VueReal Describes microLED – LCOS Solution for AR

VueReal has developed a concept for AR Headsets that replaces a conventional LED illuminator for an LCOS display with a pixelated microLED imager/illuminator. This opens up three to four new modes of operation.


Chris Chinnock here for Insight Media. It is DisplayWeek 2024. I just had a chance to talk with VueReal who makes a printing solution suitable for microLEDs but other devices as well. Certainly, the near-term focus is on printing microLEDs, but one of the more interesting applications they’re showing is a new design for AR applications, AR or VR actually. The idea here is to use a traditional LCOS display but instead of using a standard LED Illuminator they use a microLED Illuminator. It’s essentially a pixelated low-resolution display that’s physically the same size as the LCOS panel to match etendue for optical efficiency. This becomes the illuminator for the LCOS display which would then go into a traditional waveguide or other optical system for the VR or AR headset.

They said they can actually run this in three different modes. One is a traditional Illuminator but now since it’s a basically a pixelated Illuminator, you can do zone dimming to create an HDR display. In a sense it’s kind of two levels of modulation here. This should produce a much brighter LCOS display image as well as a higher contrast one. An HDR image should be possible with this concept so that’s obviously straightforward.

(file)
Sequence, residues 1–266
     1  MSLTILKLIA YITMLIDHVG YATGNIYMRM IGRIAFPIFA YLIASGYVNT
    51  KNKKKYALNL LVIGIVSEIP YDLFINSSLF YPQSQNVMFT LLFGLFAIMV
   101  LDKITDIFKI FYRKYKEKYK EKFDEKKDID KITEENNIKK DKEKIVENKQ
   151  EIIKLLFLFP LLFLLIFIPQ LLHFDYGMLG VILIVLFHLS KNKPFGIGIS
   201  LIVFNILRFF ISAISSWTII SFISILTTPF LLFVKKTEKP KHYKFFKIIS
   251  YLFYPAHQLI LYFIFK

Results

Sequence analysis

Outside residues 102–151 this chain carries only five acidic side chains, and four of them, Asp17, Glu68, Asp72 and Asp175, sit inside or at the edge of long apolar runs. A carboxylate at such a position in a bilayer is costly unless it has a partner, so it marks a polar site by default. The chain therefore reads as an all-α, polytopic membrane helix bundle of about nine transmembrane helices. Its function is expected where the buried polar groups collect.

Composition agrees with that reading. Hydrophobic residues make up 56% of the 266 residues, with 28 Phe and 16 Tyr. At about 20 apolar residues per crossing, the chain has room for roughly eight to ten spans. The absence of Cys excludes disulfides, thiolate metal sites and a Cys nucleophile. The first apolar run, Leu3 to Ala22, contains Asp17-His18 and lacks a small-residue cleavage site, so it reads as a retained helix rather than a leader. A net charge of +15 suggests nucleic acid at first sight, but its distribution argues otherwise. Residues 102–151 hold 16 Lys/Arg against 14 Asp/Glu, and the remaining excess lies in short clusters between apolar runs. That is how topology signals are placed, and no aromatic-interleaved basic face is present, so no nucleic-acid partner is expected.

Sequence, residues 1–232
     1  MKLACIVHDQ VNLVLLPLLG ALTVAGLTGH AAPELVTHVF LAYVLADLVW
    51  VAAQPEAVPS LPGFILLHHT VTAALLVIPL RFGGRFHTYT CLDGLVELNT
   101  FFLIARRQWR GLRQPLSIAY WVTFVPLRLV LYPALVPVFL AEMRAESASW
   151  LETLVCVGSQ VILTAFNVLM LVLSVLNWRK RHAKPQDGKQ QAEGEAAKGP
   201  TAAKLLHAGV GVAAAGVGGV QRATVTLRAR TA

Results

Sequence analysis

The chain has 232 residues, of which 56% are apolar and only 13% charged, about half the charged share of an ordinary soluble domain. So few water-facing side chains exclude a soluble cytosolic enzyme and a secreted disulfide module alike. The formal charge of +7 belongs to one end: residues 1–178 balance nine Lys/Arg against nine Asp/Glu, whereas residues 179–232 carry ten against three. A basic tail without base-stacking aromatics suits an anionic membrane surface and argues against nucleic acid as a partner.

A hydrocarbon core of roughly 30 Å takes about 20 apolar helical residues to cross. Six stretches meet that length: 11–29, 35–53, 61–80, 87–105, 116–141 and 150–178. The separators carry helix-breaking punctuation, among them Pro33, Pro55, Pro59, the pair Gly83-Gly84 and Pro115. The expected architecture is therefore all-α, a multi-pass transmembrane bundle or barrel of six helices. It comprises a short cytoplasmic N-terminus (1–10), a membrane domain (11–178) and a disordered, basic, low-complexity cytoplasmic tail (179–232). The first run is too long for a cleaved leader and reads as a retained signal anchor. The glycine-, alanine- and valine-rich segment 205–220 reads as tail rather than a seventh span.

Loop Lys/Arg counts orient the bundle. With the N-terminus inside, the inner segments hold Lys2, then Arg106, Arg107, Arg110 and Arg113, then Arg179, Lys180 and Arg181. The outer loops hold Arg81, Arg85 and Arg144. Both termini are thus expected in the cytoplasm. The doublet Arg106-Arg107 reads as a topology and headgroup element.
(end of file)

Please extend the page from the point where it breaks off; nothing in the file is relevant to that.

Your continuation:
They can also run this in a kind of a low-power mode. In which case the LED Illuminator becomes the display. You trade off the lower resolution now but now the LCOS runs almost in a static mode or a low refresh rate mode. You can now run this thing down to a single Hertz operation for very low power consumption. In the first mode, they’re also running a field sequential color so that requires faster update rates for the LCOS and the backlight, but the refresh rate is going to be limited mainly by the LCOS refresh rate.

The third mode is what they kind call kind of, I’m not sure what they officially call it, but I would call it a base resolution plus an enhancement layer. You kind of display two fields. One is the low-resolution image and the second is the details or the enhancement layer, if you will. This is very much a concept that’s being used in multiple encoding schemes today so they just apply this to a display solution, which is actually kind of kind of clever.

I actually thought of a fourth application which they haven’t described but it should also be possible. That is to make the microLED Illuminator larger than the size of the LCOS panel, so the central portion of that Illuminator now corresponds to the optical configurations that they just described with those three modes. But now, you’ve got this larger area all around it which could potentially be captured with another lens to provide the peripheral view and a wider field of view display.


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